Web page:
Ultimately, the reasons to taper QE are two-fold. The first reason is that there is too much excess cash in the system. Second, there is a decreasing need for the system to be continually primed. These two diverging factors leave the Fed in the position of crowding out the market, which is precisely the opposite of what it wants to do. The Fed wants to support the market and the economy, not be the market and the economy.
The Fed has stated that to begin tapering, substantial further progress towards the goals of price stability and maximum employment was required. Figure 2 illustrates that both the unemployment rate and price levels, as measured by the two-year average Personal Consumption Expenditures Index, have surpassed the threshold met for the 2013 Taper Tantrum. The Fed believes that it has met the pre-conditions for inflation, but not yet for employment, which is why we are now on the cusp of tapering, waiting for an official announcement.
Figure 2: The Federal Reserve’s Dual Mandate
While the thought of tapering may get the heart pumping quicker for some, it is no longer uncharted territory. In the 2010s, the process was unprecedented and thus much more experimental. The collective panic from 2013 that we refer to as the Taper Tantrum provided many lessons for both central bankers and investors. The simultaneous interest rate hiking while running off the Fed’s balance sheet in 2018 was another helpful instruction. Things should be a bit different this time.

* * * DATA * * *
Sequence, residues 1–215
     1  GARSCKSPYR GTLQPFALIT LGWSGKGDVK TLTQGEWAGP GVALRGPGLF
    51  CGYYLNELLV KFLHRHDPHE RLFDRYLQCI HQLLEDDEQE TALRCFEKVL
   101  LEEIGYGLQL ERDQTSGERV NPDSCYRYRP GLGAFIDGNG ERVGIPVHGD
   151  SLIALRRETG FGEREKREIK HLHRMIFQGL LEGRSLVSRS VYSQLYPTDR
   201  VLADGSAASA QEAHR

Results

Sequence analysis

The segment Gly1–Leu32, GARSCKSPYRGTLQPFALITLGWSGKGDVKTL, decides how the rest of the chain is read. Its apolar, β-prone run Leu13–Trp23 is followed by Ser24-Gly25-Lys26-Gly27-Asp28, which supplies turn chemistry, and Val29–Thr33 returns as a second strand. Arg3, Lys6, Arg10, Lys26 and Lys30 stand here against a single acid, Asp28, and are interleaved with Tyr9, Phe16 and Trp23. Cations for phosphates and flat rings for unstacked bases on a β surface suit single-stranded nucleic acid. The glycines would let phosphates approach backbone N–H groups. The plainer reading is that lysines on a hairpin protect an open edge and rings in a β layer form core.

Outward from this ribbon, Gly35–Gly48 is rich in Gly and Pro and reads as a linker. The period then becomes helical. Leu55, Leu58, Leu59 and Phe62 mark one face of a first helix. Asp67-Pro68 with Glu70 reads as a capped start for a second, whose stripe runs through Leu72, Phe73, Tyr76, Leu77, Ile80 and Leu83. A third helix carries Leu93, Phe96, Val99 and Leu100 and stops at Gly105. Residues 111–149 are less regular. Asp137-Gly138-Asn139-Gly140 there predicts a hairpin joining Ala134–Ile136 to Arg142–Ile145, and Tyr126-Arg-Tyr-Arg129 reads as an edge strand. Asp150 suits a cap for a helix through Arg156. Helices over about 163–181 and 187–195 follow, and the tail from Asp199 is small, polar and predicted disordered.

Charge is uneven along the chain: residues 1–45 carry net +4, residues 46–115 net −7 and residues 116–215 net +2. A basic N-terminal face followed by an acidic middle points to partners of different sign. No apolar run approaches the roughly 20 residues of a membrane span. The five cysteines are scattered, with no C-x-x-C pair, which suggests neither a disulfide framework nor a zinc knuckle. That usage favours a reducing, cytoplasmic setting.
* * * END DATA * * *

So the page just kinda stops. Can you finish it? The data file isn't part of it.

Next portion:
On the communications front, the Fed has been providing a fairly long runway. There is no surprise about the upcoming round of tapering, unlike in 2013 when the Chair surprised markets with their taper musings. The Fed has been sending out enough speakers to fill a week-long conference about tapering. Stories have been planted in news media to further reinforce the Fed’s views. And the central bank has been blunt as well, with a number of members on record emphasizing the lack of a “link” between tapering and interest rate moves[iv].
In essence, the Fed is saying tapering is a first step in removing monetary policy stimulus. As the Fed often emphasizes, tapering is not tightening. It is a necessary precondition for interest rate hikes and the eventual reduction of the size of the balance sheet.
We currently believe it’s unlikely that we will see interest rate hikes in the U.S. until the tapering process has concluded. Investors should remind themselves that tapering is not removing cash from the system, but merely not adding as much moving forward. The overall environment should remain stimulative and supportive.
Given that the Fed has telegraphed its taper intentions for a few months now, the next shoe to drop will likely be the timing and the scope of the program. Fed Chair Jerome Powell spoke at the Jackson Hole central bank conference in late August. His message was more evolutionary than revolutionary, reiterating that while the necessary condition for tapering on the inflation front has been met, there is still work to do on the employment front. Powell was fairly hawkish on the U.S. economy, even in the midst of the delta COVID variant wave, and indicated tapering was most likely to occur in 2021.
The August employment report, released September 3, shows the U.S. labour market remains robust, even if the numbers were lower than expected. It was the slowest pace of gains in seven months, but still strong enough to push the unemployment rate down to 5.2%, which likely leaves the Fed on track to announce tapering sometime in the fall. There are three more Fed meetings scheduled for 2021 where the taper could be officially announced: September 21-22, November 2-3, and December 14-15.